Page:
The Singh brothers—Malvinder Singh (left) and Shivinder Singh. Photo: HT
The reported agreement in the Bajaj Group on issues of how the family will jointly own group companies, along with a well-laid-out process for handling matters related to succession, ownership and conflict resolution, is a welcome boost for the struggling Indian business family system. This historical social structuring, already fraying at the edges, has been showing signs of fracturing at the centre as well, with family feuds becoming a regular feature of the business environment.
Brothers engaged in an ugly spat. A father-son duo engaged in a duel. And that’s not even the full story as subterranean conflicts rise to the surface and the growth and development of companies take a back seat. These fratricidal struggles have severe consequences for owners and shareholders alike.
Two brothers of a once mighty business dynasty reduced to fisticuffs in full view of a social media-drummed audience isn’t just an unedifying spectacle. It is also a warning to the patriarchs of corporate India that for all the love and affection they bear towards their progeny, bestowing their businesses to them as birthday gifts may not be the smartest of business moves.
Sample the saga of the Ranbaxy family. Shivinder and Malvinder Singh, the sons of an illustrious father and grandsons of an equally illustrious grandfather, showed us their true colours while trading blows and then promptly placing the ugly video of the event for full public viewing. Not that it came as any surprise. Over the last one year, there has been enough mud-slinging between them to suggest this was a natural progression. Accusations of petty thefts, large-scale fund diversion, and serious charges of fraud have been some of the milestones in this sibling rivalry.
The result has been the total destruction of a once proud business dynasty. It would have been tragic had it not been so comical. After all, it takes special talent to lose that kind of fortune.
Through the June 2008 sale of their 34% stake in their pharma inheritance Ranbaxy to Japan’s Daiichi Sankyo, the brothers made over ₹5,000 crore. Their wealth peaked at $3.5 billion in 2012, according to Forbes, after which the various shenanigans that have unfolded over the last two years saw a steady drain of that wealth. Even then, as of two years ago, their collective net worth, according to Forbes, was still a whopping $1.4 billion. Now, the two brothers face a multitude of legal woes, not least of them servicing the ₹3,500 crore arbitration award in the case filed against them by Daiichi Sankyo.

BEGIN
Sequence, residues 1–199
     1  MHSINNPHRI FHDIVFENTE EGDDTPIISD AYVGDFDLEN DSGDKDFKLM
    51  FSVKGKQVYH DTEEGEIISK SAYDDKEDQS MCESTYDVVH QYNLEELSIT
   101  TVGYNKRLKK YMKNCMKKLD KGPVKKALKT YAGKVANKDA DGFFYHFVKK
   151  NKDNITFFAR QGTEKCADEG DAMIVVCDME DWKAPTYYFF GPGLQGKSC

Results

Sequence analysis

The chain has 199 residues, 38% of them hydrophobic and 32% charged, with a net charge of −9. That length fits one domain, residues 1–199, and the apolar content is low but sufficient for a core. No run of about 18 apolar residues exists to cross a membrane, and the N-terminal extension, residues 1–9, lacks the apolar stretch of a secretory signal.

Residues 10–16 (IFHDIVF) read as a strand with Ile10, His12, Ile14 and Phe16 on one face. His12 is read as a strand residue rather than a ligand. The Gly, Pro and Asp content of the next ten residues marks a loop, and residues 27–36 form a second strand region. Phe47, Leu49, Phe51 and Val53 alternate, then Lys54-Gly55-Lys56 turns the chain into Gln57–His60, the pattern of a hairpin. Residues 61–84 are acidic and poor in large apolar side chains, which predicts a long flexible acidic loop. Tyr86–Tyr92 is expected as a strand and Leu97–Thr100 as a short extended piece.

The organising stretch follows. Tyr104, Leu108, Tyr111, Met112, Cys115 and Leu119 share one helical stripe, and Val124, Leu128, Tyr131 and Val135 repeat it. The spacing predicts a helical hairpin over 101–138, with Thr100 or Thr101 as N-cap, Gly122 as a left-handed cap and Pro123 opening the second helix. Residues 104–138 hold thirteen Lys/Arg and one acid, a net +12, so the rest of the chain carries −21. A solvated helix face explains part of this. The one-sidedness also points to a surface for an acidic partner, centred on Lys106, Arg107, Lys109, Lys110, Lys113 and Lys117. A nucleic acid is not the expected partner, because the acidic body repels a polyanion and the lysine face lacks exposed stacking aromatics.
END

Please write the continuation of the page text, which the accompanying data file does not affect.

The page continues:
It has all happened before. Their father, the late Parvinder Singh, battled both his father, Bhai Mohan Singh, and later his brothers over the family business. Indeed, business families and internecine struggles have been a regular feature of this country’s landscape.
Even when Ratan Tata was eased into the role of heading a then splintered Tata group in 1991, there were other claimants to the job, some of who made their claims quite forcefully. Among those who had legitimate claims were Russi Mody, then head of the Tata Iron and Steel Co. (Tisco), Sumant Moolgaokar, who headed Tata Engineering and Locomotive Co. Ltd (Telco), legal eagle Nani Palkhivala, and others like Freddie Mehta and, of course, Naval Tata. Finally, only the sheer force of J.R.D. Tata’s personality led to Ratan Tata’s ascension.
Partly of course it is to do with the preponderance of this structure in Indian business. Family businesses contribute 79% of India’s gross domestic product (GDP), the third highest in the world after the US and Germany. That creates its own set of stress factors as we have seen with the almost sudden eruption of ill will between Vijaypat Singhania and his son Gautam Singhaniaover how the 90-year-old business is to be run. In a just-released report titled Family Businesses In India—Transforming Organizations To Unlock Unrealized Potential, professional services firm Alvarez & Marsal writes, “For family businesses, the inherent structural and cultural construct increases the level of complexity of the transformation process.”
Till such time as business in India was access-controlled, the key requirement for success was the ability to manage the political equations. In the post-liberalized business world, leadership of diversified conglomerates in particular calls for a portfolio of skills that tests not just the inheritors but also the dynamics of their relationship with their families.
The Alvarez & Marsal report points to some issues that exacerbate these conflicts: management bandwidth constraints, key man risk, power centres, resistance to change and increased business complexity.
Some of the biggest threats to the institution of the business family come from within, with conflicts over new business plans, investments, sharing of wealth and naming of successors becoming the impulses that can destroy carefully constructed inheritances. These fissiparous tendencies usually surface in the third generation though that may be too broad a generalization. Soon, some of India’s best family-run businesses, such as Reliance and Wipro, will confront issues of succession planning and division of assets among the siblings. How well they manage them will define not just their own but the future of Indian business.